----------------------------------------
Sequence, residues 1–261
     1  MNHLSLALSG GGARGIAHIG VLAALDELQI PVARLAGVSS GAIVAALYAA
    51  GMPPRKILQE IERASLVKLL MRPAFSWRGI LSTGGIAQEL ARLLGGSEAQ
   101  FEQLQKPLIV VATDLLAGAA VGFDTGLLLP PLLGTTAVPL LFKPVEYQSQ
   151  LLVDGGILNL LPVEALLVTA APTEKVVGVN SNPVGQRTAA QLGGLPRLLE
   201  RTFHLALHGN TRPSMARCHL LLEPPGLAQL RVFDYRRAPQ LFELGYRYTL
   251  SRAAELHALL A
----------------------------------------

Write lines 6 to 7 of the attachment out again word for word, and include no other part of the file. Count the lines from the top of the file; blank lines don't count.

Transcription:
   201  RTFHLALHGN TRPSMARCHL LLEPPGLAQL RVFDYRRAPQ LFELGYRYTL
   251  SRAAELHALL A